(Un)Happy Thanksgiving

Well that post title is a bit dramatic, isn't it? But I just don't care about Thanksgiving. Let me explain. 

My mom and biological father (let's call him "Tim") divorced when I was one. My mom remarried when I was three and I was blessed with the dad my "real" one would never be. (I put real in quotes, because genetics absolutely do not make him my real, actual father, but some people like to say that's what he is because it was his sperm or whatever). While growing up, Tim made an attempt to have a relationship with me, probably because of the parenting plan. Thankfully I only had to visit him every other month or so. 

Tim remarried when I was thirteen and my step-mom was my saving grace. She welcomed me with open arms, and since her daughters were about my age she loved to plan fun things for us girls to do. Tim was around, but mostly watched football on weekends. He occasionally took us to the zoo or on drives up Mt. Rainier, but my step-sisters and I would rather be roller skating or hanging out at the mall. Tim was always nice, but it felt like I was visiting an uncle or something and as a shy child, I was never completely comfortable with him. We didn't have any sort of bond. Throughout middle school I down to visiting him two weeks over the summer, a week over winter break, a few days over spring break, and every single Thanksgiving. 

Thanksgiving wasn't a big deal on my mom's side of the family. My grandma had ten kids (TEN!) who had in-laws all over the country. She insisted that each one of us be present on Christmas Eve, but we could make other plans on Christmas Day and Thanksgiving. My dad's family lives in the south, so we never spent the holidays with them. Every Thanksgiving, my mom would make a traditional dinner for my immediate family and my grandma, with a stray aunt or cousin attending. 

But I was off to Tim's house for Thanksgiving weekend. We didn't spend it with his/my side of the family though; we hung out with my step-mom's family. Over time I got to know them and they were all very nice, but it felt strange. I'd rather be at my own house with my cousins and playing all weekend with my neighbors. I dreaded Thanksgiving.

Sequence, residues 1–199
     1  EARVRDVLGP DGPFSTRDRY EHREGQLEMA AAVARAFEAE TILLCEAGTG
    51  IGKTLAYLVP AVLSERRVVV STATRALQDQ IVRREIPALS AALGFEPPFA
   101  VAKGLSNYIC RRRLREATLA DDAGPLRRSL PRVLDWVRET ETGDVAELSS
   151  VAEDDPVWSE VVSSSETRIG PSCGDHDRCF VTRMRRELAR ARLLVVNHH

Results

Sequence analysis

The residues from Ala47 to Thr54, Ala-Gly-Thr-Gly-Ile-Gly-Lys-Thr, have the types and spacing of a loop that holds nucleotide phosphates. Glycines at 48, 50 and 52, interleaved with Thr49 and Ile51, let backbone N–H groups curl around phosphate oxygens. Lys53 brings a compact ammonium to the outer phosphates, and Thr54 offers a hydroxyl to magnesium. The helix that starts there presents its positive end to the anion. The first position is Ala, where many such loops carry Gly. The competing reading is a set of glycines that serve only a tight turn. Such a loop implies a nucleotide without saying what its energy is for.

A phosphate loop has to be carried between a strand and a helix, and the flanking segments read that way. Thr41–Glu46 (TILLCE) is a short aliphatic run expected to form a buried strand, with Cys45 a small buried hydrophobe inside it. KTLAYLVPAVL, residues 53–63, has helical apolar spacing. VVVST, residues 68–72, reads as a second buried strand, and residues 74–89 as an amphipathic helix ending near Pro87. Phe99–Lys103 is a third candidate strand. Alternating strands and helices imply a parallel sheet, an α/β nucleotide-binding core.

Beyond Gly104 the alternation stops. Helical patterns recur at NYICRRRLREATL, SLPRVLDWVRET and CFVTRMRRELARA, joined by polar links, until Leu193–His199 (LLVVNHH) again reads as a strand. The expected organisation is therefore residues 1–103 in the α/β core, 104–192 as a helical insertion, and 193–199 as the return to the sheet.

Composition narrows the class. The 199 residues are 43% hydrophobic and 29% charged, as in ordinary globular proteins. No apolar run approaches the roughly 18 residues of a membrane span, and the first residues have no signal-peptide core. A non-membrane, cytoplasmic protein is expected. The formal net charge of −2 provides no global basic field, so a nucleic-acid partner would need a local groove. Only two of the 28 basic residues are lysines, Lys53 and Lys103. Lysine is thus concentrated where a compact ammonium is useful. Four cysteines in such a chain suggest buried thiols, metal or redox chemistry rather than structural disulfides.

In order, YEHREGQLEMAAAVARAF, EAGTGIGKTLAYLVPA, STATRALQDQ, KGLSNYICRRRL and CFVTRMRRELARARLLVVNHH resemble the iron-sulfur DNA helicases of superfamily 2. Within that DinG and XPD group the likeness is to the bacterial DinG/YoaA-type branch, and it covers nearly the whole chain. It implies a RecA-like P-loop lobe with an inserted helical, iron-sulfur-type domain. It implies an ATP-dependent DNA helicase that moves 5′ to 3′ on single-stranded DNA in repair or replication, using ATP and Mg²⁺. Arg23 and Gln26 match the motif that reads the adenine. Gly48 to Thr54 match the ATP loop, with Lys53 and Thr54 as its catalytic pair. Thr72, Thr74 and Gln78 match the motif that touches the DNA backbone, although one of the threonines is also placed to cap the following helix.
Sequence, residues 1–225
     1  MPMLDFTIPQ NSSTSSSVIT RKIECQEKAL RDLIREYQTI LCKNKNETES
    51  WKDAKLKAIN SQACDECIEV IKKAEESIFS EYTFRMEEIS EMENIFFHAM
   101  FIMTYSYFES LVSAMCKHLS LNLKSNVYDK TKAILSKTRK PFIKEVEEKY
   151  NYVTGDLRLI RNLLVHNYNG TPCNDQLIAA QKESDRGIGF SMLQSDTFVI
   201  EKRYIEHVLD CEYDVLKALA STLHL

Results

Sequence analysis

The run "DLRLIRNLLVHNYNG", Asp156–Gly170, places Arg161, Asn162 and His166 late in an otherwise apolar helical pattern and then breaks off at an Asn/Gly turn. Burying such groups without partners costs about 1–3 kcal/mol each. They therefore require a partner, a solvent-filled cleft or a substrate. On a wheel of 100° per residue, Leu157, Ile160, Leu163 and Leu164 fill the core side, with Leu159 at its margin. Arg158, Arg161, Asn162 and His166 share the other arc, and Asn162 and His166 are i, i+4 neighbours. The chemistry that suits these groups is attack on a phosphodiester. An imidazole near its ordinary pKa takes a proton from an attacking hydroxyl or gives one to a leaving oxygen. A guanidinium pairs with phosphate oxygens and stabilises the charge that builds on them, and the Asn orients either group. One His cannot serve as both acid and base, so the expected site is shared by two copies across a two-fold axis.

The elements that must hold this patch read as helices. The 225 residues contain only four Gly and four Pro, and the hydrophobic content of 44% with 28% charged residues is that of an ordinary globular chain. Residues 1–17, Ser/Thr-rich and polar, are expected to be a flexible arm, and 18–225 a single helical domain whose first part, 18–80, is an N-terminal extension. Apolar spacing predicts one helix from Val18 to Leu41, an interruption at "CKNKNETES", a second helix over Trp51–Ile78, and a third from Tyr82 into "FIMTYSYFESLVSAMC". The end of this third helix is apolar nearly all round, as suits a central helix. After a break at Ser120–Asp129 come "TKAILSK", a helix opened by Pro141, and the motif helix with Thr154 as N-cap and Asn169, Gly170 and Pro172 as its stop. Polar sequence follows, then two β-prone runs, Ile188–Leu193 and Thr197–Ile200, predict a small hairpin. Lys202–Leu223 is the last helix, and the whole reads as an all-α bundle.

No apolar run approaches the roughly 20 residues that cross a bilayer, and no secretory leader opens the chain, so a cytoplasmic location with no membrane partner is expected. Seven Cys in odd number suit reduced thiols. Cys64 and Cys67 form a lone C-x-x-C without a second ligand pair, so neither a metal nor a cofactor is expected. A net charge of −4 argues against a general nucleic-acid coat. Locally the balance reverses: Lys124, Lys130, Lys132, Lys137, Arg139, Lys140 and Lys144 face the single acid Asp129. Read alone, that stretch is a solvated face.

In high school, I really hated it. I had a social life, and because this was before cell phones and email, I was cut off from everyone for four days, which was torture for a teen. My step-sisters were involved with their own friends and boyfriends, so our time together wasn't as quality. I finally got out of it in 11th grade because my boyfriend invited me to spend Thanksgiving with him. Tim and my step-mom were going through some issues at that time, so they didn't push my visit. I thoroughly believe my step-mom was the one to initiate all contact with me, so when they divorced the following year, Tim was done. The last time I saw them was at my high school graduation. (I've reunited with my step-mom and step-sisters because of Facebook and they are still as lovely as ever. Tim called me once after I got married, but never again.)

I spent a few Thanksgivings with my boyfriend and when my grandma passed away (when I was 19), Thanksgiving stopped being anything remotely special at my parents' house. It was just the five of us with a turkey, which I don't even like. Now there are four grandsons, which makes it a little more fun, but my family gets together all the time, so again, it's not that special.

Tim wasn't a bad guy, in the typical sense of the word, and nothing horrible happened to me. He was just selfish and judgmental and we never had a real relationship because I wasn't a boy. (He actually admitted to that. He wanted a boy and I was a disappointment.) There's not one day when I feel sad that he's not in my life. I hardly ever think about him and would hate to have to force a relationship. But it was annoying enough to leave a bad taste in my mouth about this holiday.

I am, however, extremely grateful for my dad who wanted me from day one. He has never treated me differently than my brother and sister, has always believed in me, pushed me, helped me, and loved me and my kids unconditionally. I really do have a lot to be thankful for, I just don't want to talk about it while eating stuffing. Or sweet potatoes. Or cranberry sauce. Or green bean casserole. Or pumpkin pie. Thanksgiving food is gross. I'm bringing a ham this year!

Regardless of my issues, I hope YOU have a wonderful holiday!


Misty, Handbags + Handguns said...

I feel the exact same way about Thanksgiving. It's not that I hate it, but it's certainly not anywhere close to the top of the list of fave holidays. And I don't like Thanksgiving food either. I want ham, mac n cheese and bread. I'm Chandler.

Cole said...

I have that general feeling about Christmas. I try to fake it most years...but mostly I just want to give people I care about their presents and then go have a Netflix marathon.

Erin of TexErin-in-SydneyLand said...

I really, really appreciate your honesty and vulnerability in this post. Holidays are NOT happy events for everyone. And, there are legitimate reasons for those feelings. I hope you, your husband, your kids, and others can develop your own traditions were it evolves into something special for you. And, hell, no one says you have to have a set menu. We've been known to have catered fajitas for Thanksgiving in Texas before. And, it was damn tasty!